CAPE TOWN, May 13 (Reuters) - Bob Woolmer was nicknamed ‘The Scientist’ and became arguably the greatest cricket mind of his generation but he may be remembered more for the way he died than for his immense contribution to the game.
Born in the shadow of the Green Park Stadium in Kanpur, India, the middle-order batsman played 19 tests and six One-Day Internationals for England between 1975 and 1981, with all three of his five-day hundreds coming against Australia in Ashes clashes.
But it was as a coach that he left a lasting impression on the game, first transforming Warwickshire into a powerhouse on the English county circuit and then leading South Africa to the number one position in tests and ODIs during a five-year spell.
“They called him The Scientist,” former South Africa fast bowler Allan Donald told Reuters. “That is exactly what he was, an inventor. He got people out of their comfort zones.
“He got people to reverse-sweep, to reverse lap, he was the first coach that ever did that. He literally had sweeping camps.”
Donald said Woolmer could get players to buy into his plans like no other coach he worked with during his illustrious two-decade long career.
“When you heard him speak... I was full-blown ADHD (Attention Deficit Hyperactivity Disorder), so I couldn’t sit still for too long, but this guy made me listen. He was interesting, exciting and I wanted to be part of what he was doing.
“He turned around, single-handedly, South Africa’s thinking, the approach, the way we played. We became number one in the world in tests and ODIs in the late 1990s. He was just a phenomenal individual.
“He told us, ‘You are allowed to make mistakes. We train to win, but we also learn to lose. But if we learn to lose, we are going to explore everything that the game has given us’. I will never forget that and it is the way I coach now.”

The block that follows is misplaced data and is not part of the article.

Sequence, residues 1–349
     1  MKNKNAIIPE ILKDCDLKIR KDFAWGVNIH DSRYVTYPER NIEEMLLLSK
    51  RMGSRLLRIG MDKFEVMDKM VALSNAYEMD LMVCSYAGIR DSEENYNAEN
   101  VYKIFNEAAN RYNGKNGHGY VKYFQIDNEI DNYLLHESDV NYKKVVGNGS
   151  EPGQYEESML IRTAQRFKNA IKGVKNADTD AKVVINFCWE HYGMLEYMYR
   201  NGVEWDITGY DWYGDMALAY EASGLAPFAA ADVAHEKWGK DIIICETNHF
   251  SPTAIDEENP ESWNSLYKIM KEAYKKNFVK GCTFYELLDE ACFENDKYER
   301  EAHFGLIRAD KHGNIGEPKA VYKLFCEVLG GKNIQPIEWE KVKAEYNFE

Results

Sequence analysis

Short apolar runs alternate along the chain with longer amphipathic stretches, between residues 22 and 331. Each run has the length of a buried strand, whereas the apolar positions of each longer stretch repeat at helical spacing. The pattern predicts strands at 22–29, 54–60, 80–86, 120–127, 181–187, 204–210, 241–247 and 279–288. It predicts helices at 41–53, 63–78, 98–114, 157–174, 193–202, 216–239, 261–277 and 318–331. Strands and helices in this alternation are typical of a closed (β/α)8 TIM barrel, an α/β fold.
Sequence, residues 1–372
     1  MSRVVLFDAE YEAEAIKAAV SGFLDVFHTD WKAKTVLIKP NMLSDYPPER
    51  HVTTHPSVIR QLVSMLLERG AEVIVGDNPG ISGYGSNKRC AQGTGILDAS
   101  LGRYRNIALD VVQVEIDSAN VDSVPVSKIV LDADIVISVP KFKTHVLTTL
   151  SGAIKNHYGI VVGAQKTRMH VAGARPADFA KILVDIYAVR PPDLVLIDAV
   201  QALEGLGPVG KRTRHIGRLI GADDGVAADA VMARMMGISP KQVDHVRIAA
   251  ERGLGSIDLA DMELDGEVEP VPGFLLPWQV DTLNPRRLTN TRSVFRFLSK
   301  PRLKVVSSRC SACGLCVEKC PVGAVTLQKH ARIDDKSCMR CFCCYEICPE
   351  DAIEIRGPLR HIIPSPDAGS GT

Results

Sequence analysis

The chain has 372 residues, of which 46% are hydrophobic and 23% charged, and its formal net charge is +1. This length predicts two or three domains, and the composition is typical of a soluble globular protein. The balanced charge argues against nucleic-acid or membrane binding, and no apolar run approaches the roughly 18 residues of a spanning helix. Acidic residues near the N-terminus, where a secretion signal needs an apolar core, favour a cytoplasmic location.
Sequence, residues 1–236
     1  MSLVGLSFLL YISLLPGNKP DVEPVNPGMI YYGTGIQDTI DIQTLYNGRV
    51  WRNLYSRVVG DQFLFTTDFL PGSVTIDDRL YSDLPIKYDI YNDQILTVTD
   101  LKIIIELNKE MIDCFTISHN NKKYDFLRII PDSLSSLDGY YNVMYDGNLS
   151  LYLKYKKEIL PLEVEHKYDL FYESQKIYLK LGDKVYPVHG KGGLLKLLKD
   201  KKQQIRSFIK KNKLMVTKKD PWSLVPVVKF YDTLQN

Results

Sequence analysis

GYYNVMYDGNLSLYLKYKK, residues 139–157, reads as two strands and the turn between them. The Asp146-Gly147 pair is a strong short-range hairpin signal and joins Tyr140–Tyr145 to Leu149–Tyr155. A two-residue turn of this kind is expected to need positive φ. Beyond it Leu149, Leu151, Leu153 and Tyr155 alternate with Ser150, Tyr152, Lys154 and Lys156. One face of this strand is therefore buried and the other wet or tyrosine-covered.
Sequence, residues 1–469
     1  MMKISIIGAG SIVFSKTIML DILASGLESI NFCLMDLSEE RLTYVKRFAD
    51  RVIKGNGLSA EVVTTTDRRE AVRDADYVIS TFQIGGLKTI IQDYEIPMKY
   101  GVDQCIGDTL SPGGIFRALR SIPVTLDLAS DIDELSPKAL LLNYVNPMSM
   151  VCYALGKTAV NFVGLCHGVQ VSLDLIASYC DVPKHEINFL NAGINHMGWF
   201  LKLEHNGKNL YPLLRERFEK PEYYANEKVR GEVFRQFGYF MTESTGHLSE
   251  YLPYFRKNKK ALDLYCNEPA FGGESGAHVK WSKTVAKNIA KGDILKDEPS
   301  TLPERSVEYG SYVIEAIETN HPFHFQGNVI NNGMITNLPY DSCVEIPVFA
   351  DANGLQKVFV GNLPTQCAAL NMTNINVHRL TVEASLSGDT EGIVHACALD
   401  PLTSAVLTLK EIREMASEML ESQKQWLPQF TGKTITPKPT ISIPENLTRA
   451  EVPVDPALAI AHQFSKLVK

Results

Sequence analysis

Woolmer took over as Pakistan coach in 2004 and immediately changed their fortunes for the better, but it was while he led the side at the World Cup in West Indies three years later that he died, amid some controversy, at the age of 58.
Pakistan had hours earlier been ousted from the tournament by minnows Ireland in a shock result. Woolmer was found unconscious in his hotel room and declared dead on arrival at hospital.
An autopsy was inconclusive, but five days later Jamaican police stated that he had been murdered, likely by manual strangulation.
It led to conspiracy theories around match-fixing and retribution against Woolmer for the result, with some fingers even pointed at Pakistan’s players.
But three months later the investigation concluded he had died of natural causes and a jury returned an open verdict.
“All these allegations kept coming up, it was this and then it was that, then he choked and all sorts,” Donald said.
“I was absolutely devastated. As the news evolved about how he died, and then the theory that he was murdered … it just became bigger than anything.”
But he added that his controversial death should not detract from the legacy Woolmer left for the game.
“I saw Wasim Akram at the World Cup in England last year and he said the Pakistanis still say today that Bob Woolmer was the best thing that had ever happened to them.” (Reporting by Nick Said; Editing by Ken Ferris)